I’ve a completed an “occult thriller”, a novel-length sequel to a Kabbalist novelette that will one day appear in Marc Blake’s Straeon 2. I’ve written the first third of a Jack Vance-like “science fantasy” that takes place on Precipice, the cliff world setting of my tale Lirazel’s Heart that appeared October 2015 in Elizabeth Hirst’s anthology Robotica: The Relationships of Artificial Lifeforms.

This is my “throw wide the doors” romp with world-building: descendants of crash-landed Society of Creative Anachronists, “alien” natives, political intrigue, loss of innocence/coming of age, a wealth of strange characters, unique cities and cultures above and below the Sea of Clouds, and…skyships. It has been a lot of fun to write.

What are you looking forward to at Boskone?

This is my first Boskone. I’ve long wanted to attend, but family, career, and nasty pixies have long thwarted my attempts.

What event or experience stands out as one of those ‘defining moments’ that shaped who you are today?

My grandfather, of blessed memory, shared a story of students who were told they each must speak to the learned assembly regarding chesed and tzedakah, i.e. kindness and charity…and the assembly had already begun! As the students ran to the assembly hall, each passed a beggar who sat shivering in the cold, his empty supplication bowl before him. In their alarm at being late, and in their self-absorption in recalling their lessons, none of the students paid heed to him–none save one.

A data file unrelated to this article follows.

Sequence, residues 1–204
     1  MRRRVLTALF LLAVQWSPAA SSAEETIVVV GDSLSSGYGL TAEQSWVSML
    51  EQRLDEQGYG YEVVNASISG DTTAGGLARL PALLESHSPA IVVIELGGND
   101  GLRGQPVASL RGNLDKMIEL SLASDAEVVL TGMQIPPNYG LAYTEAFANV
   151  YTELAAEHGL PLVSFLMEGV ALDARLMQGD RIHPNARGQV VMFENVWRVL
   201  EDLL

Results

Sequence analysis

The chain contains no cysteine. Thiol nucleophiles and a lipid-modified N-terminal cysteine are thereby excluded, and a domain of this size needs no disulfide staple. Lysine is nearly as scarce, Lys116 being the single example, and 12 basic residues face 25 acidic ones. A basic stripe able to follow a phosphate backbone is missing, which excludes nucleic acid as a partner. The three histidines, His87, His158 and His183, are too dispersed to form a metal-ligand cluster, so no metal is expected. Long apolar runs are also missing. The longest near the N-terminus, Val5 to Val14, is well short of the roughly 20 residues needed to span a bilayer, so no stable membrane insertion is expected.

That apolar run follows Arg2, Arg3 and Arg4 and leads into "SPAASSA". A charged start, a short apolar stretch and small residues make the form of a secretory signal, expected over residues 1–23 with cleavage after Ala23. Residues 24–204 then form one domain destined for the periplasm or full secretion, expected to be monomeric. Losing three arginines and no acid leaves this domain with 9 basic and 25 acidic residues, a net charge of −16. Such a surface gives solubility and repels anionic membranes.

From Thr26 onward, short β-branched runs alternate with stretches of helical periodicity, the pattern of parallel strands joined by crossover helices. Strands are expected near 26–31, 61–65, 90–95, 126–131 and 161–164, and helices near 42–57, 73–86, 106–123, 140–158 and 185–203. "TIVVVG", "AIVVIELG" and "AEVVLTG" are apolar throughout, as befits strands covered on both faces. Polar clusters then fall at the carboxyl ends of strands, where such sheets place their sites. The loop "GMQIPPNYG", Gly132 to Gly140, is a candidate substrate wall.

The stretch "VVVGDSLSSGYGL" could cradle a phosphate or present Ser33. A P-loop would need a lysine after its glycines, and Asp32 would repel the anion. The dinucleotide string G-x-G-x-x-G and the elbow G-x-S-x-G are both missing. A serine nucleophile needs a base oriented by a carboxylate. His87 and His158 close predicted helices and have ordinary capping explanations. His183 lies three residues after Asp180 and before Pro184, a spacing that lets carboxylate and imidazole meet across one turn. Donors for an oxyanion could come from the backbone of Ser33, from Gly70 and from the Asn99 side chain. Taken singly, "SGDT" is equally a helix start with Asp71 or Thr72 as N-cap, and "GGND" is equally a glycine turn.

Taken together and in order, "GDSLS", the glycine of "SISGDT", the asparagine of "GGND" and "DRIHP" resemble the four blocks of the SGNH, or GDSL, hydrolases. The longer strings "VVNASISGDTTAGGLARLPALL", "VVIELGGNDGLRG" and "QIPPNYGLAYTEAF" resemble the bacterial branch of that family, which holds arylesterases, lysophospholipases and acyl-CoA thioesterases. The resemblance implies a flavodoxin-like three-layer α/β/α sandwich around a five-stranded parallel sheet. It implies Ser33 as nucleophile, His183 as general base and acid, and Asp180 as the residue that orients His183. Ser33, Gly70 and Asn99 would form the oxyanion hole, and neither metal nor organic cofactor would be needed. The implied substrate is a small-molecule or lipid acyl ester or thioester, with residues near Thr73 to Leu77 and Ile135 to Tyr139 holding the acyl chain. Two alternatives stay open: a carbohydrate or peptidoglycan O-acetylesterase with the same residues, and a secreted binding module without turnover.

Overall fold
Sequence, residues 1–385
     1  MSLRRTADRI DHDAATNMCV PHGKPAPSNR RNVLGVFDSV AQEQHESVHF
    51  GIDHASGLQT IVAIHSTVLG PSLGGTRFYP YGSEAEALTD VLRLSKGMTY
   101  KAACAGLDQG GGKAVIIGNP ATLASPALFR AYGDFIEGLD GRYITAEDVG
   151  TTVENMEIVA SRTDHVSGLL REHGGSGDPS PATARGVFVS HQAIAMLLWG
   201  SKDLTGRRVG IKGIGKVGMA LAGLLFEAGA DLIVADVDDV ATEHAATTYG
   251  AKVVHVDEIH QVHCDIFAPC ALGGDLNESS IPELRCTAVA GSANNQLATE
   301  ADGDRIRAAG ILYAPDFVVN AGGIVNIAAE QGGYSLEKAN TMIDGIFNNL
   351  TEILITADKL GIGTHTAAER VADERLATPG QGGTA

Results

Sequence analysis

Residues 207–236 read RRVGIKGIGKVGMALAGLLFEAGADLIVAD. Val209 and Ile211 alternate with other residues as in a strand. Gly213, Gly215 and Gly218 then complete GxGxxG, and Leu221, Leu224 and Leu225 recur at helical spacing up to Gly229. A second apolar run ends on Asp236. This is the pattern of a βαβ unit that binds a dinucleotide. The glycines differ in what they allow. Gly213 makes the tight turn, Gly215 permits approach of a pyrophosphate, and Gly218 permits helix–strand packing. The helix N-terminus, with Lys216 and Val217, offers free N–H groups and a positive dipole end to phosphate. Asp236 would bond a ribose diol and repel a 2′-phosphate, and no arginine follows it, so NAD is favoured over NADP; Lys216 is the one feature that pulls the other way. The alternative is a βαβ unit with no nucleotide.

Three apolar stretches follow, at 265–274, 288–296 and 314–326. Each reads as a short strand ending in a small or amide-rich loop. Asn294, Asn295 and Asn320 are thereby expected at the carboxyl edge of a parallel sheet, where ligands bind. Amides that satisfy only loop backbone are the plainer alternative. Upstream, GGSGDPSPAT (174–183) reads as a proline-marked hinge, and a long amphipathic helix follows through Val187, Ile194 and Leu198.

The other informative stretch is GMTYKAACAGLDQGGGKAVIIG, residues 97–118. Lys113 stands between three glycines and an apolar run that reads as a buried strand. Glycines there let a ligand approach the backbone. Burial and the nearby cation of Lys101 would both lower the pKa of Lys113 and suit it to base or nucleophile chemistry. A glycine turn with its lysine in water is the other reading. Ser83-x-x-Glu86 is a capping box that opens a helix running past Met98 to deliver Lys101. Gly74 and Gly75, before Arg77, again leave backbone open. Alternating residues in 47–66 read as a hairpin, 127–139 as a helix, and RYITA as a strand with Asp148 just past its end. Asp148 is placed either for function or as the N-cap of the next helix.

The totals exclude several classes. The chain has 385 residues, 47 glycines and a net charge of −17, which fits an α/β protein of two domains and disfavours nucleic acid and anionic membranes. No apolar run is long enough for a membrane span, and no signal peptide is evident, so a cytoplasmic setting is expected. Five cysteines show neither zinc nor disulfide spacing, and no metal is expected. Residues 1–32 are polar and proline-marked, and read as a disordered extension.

The doors of the assembly hall closed. The students formed a line upon the stage, jostling for position. The first awaited his invitation to speak; but the seated rabbis said nothing, their expressions dour.

The door to the hall opened again, and the last student entered, hatless and coatless. Together, the rabbis and students turned and stared silently at him. He blushed; and murmuring apologies, got to the end of the line. Still, none spoke.

The door opened a final time, and the beggar came in, wearing the student’s coat and hat. From his bowl he placed a small coin into the tzedakah (charity) box, and took a seat among the assembly.

The rabbis smiled.

*[ It is not enough to learn our lessons, we need live them. ]*